Search best buggy:

Babyzen YoYo Review by Best Buggy

This photoset shows the Babyzen Yoyo.

The Babyzen YoYo is an absolutely brilliant pushchair which folds down into the neatest smallest package we have ever seen – and we have had a lot of neat folding pushchairs!! As one of the Best Buggy Focus group exclaimed “I have bigger handbags than that!!”

The Babyzen YoYo HAS to be the ultimate pushchair for parents who travel!! Having travelled the world with children, my biggest nightmares were when I was left waiting for a pushchair to arrive at the baggage reclaim hall with a crawling heavy older baby. But the Babyzen YoYo is so small that it has been approved to fit into an overhead locker on an aeroplane!! No more having to carry a baby from the plane to the baggage reclaim hall! The Babyzen YoYo also only weighs 5.5kgs and comes with a carrying strap so that the YoYo can be slung over your shoulder when not required.

The Babyzen YoYo is not just about the amazing fold. We had a Recaro Babyzen recently, and we knew that Babyzen make sturdy, great quality pushchairs. So even without having seen the YoYo, we knew that this pushchair would not be flimsy….and believe me it is not! It is sturdy and strong. Babyzen make GOOD quality pushchairs!

Over the years we have had many small folding pushchairs including umbrella folds, a Quinny Zapp and Yezz, a Maxi Cosi Noa, a Lebruss Takeoff, a Safety 1st Surf, a Petite Zia and more. But every one of these pushchairs had some issue which meant it wasn’t quite right for us. But the Babyzen YoYo is absolutely perfect for a lightweight pushchair for our family.

Why is the Babyzen YoYo perfect for us?

First of all the chassis is solid – there is no “give” in the frame as you start to push as the Noa or Zia have. There is one handle, so there is no side to side give as umbrella fold pushchairs can have. There is a storage basket – yes its small – but as the other photoset shows, my largeish handbag easily fits into the rear part of the basket which still leaves space at the front for another smaller bag (my daughter’s swimming bag fits perfectly). Plus there is a tiny mesh pocket in the rear of the seat which is perfect for keys or a phone. We hung our J.L. Childress Maxi-Cool bag full of drinks happily from the handlebar with no fear of it tipping.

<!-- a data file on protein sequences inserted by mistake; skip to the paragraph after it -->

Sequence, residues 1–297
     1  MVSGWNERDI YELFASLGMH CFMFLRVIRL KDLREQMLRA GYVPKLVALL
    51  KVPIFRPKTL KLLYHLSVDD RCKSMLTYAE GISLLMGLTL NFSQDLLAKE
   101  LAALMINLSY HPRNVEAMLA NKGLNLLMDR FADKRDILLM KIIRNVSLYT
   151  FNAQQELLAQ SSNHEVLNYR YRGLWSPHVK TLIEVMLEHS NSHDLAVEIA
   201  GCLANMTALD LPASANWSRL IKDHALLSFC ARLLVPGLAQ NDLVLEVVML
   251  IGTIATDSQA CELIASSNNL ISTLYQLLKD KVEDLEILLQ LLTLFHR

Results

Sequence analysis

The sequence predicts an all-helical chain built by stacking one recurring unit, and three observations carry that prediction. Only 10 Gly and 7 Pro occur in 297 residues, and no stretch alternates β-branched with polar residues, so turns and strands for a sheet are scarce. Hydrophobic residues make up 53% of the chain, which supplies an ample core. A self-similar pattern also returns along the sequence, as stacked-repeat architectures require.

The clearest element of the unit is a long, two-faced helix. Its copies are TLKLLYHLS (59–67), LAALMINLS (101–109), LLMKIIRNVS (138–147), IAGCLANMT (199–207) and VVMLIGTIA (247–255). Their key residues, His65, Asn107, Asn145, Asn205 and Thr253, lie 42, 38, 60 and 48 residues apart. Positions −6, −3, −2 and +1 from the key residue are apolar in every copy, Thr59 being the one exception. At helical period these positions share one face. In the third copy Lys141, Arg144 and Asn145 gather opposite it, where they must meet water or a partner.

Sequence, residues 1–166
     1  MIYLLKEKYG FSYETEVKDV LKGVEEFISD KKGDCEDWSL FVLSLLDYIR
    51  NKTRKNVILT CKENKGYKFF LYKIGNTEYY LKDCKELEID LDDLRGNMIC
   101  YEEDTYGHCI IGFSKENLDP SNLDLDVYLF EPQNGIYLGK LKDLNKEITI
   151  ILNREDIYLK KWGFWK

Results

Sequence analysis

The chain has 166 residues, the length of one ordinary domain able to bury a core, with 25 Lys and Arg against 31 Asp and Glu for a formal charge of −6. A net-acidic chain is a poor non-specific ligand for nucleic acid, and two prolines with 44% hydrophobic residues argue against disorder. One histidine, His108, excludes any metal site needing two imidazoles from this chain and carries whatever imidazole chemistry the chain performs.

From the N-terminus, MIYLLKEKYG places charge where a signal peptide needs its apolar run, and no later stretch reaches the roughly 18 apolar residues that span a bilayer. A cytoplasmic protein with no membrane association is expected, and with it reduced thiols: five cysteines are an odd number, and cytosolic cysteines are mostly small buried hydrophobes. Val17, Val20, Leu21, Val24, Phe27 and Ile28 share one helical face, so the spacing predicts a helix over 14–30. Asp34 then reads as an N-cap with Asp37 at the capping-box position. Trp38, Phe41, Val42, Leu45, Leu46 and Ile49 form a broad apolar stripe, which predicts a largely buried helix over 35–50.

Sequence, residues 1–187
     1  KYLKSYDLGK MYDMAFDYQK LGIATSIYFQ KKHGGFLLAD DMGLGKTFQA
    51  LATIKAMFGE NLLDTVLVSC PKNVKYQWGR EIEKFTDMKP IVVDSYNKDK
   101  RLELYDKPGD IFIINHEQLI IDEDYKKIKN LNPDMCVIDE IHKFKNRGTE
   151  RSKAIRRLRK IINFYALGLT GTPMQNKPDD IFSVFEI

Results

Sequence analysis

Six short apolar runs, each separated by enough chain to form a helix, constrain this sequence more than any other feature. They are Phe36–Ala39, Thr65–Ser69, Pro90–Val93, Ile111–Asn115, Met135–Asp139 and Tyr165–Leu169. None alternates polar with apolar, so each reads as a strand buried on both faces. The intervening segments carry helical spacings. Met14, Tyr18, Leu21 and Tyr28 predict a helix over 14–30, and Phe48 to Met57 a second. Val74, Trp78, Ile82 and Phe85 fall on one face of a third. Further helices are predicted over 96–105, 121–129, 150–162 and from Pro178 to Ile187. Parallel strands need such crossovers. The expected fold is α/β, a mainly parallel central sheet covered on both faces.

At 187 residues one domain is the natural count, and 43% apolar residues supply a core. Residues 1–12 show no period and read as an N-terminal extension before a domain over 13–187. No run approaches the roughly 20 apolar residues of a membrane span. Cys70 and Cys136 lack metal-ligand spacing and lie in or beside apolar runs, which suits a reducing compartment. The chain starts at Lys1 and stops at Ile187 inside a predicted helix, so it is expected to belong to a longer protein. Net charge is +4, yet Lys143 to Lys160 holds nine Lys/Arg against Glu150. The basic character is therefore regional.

The seat itself is not tall, but our 25 month old looks fine in the seat. The seat is very wide, so I am sure an older child would be comfy as a holiday pushchair. There is a toggle recline – not a huge recline but good enough for a napping, over 6 month old. The handlebar is a really good height – on the tall side if anything – which is surprising given the small package this pushchair unfolds from. The handlebar is foam covered and is a nice shape. I am a little worried about how well this will last as the foam is a little soft, but what is lovely is that the handlebar doesn’t hit the ground when folding or unfolding.

There is a hood – a pretty decent sized hood for a small pushchair. There is a peekaboo window which offers a good view of a child. The harness so far seems good – we are not keen on the “jigsaw puzzle” type buckle. We had issues with the Recaro Babyzen harness being slippy and we had to constantly check that it was tight. This harness is made from a different sort of webbing and doesn’t slip. Hurray!

The manoeuverability is great – very good. The YoYo is a one handed push and easily weaves in and out of obstacles. It does not feel rickety as we have found the Bugaboo Bee to be - The YoYo is sturdy! Having just sent our Quinny Yezz back after it tipped when parked on a flat surface, one of our first tests was to see how “tippy” the YoYo was. Mr BB was unable to tip the YoYo and pronounced that he was happy that it was a good sturdy pushchair. We hung our J.L. Childress Maxi-Cool bag full of drinks happily from the handlebar with no fear of it tipping. The brake is a little small and fiddly – but it does the job once you have pushed it on.